Next, consider checking for high functionality and the software’s capability to accommodate PPM at the enterprise level.

A pro tip is to opt for Enterprise PPM tools which are large-scale software with multiple functionalities that work across the business.

These enterprise tools help reduce the likelihood of confusion due to using several apps that can increase overhead.

With the pandemic evoking a lot of remote working, the best PPM software consists of enhanced online functionalities.

These new functionalities help facilitate remote collaboration and communication, practical for days when employees need to work from home.

Furthermore, PPM software that provides in-depth analytics and reporting is absolutely one you can bank on.

Report data is required when providing Stakeholders with the feedback necessary to predict which projects may require additional resources, budgeting, forecasting, risk, and reward.

Similarly, analytics helps with forecasting for both Portfolio management and stakeholders.

With good PPM software, Project Portfolio Managers can collect and consolidate data about their projects and programs to manage available resources, timelines, budgets, and risks and make informed decisions.

Nonetheless, using PPM tools to collect data for digitally managed workflows can only be efficient for Project Portfolio Managers with an understanding of the five management processes.

The Project Portfolio Management Process

Although Portfolio Managers can utilize PPM software for efficiency of workflow, the real driver in organizations is understanding PPM processes.

This is because they define how an organization approaches project prioritization, resources scheduling, and budgeting.

While many organizations have their own modified approach to defining the ppm process, generally, the PPM process follows these five steps.

Step 1: Clarify Business objectives

According to the Project Management Institute, before embarking on project portfolio management, you should define the organization’s objectives and strategic plan.

Typical strategic planning frameworks include strategic maps, which are visual representations of an organization’s initiatives arranged in cause-and-effect hierarchies to support one another.

Financial objectives usually form the top level in the hierarchy due to their importance to shareholders and owners.

Also included in the hierarchy could be the value the organization provides to the customer.

This may be followed by internal processes linked to customer value, and the learning resources that the company needs to make the processes work effectively.

Through the hierarchical criteria, Project Portfolio Management can determine which projects will be better than others for the organization.

For example, if a clothing company values environmental stewardship and wants to only sell sustainable clothes by the next five years, then projects which consider the environment will be prioritized.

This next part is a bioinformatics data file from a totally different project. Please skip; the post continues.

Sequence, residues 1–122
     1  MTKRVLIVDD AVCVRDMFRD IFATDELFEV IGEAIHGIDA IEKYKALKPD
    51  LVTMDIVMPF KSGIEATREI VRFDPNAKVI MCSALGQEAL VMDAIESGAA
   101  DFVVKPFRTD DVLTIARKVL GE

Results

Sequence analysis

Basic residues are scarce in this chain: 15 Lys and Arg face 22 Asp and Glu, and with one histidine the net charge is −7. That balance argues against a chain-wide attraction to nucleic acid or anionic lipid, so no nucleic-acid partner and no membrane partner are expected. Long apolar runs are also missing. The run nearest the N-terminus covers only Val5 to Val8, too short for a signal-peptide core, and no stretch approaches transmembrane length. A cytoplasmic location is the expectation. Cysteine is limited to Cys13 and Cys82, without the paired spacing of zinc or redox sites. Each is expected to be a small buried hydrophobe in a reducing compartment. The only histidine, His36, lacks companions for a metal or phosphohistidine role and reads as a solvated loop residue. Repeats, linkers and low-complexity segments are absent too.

Step 2: Capture and research requests and ideas

The nitty-gritty parts of building a portfolio start in this second step.

Here, PPMs research and capture what projects to undertake by compiling a list of in-progress projects and project ideas coming from various avenues.

These avenues include customer requests, team member suggestions, or initiatives from strategic planning.

Thereafter the PPM gathers data on all the prospective projects to prepare for step 3 which is to examine and evaluate against criteria detailed out in step 1.

Step 3: Select the best projects

Based on the project data in Step 2, determine what combination of projects creates the highest portfolio value based on high-level resource constraints.

This is known as portfolio maximization.

You could execute this by rating each aspect of the potential project against evaluation criteria.

Then you create a spreadsheet or use a software development tool to compute the score of each project.

Next, rank the potential projects from highest to lowest value.

Step 4: Validate portfolio visibility and initiate projects

Since Portfolio Managers work on multiple projects at once, it’s crucial to take a stand back and re-evaluate the feasibility of the portfolio in its entirety.

Have you gone through every detail of your portfolio?

Are there any constraints in projects eg., availability of skill to execute the project, which you may not have detected through the first round of valuation?

Once you are satisfied with the portfolio being balanced, aligning with business goals, and being free of clashes, then you are ready to delegate projects to Project Managers.

These projects are coordinated by the project management office (PMO).

Step 5: Manage and Monitor the portfolio

Despite the day-to-day activities of each project now being delegated to project managers, the portfolio manager’s jobs still proceed.

The Portfolio Manager is responsible for overseeing the update and execution of the ongoing portfolio.

This includes monitoring Project Managers and the performance of their projects, identifying and resolving portfolio-wide issues.

Also, adding new projects re-evaluating existing projects, and making necessary changes to steer the portfolio for success is part of a PPM’s overall job.

Periodically, Portfolio Managers are required to review the entire portfolio to make sure it still aligns with business objectives.


There you have it – we’ve come to the end of a very informative piece of article on Project Portfolio Management and the role of a Project Portfolio Manager in an organization.

Taking the plunge to escape from the same old work blues or simply taking a shot to grow in your career sometimes needs a thorough investigation of the new role.

Working in Project Portfolio Management and being tasked to handle investments for the organization can be demanding.

If you approach Project Portfolio Management with clarity of what team members and stakeholders require from you, then your transition into the job will be smooth.

You will also learn to work in a manner that motivates team members and produces results that are beneficial to the organization.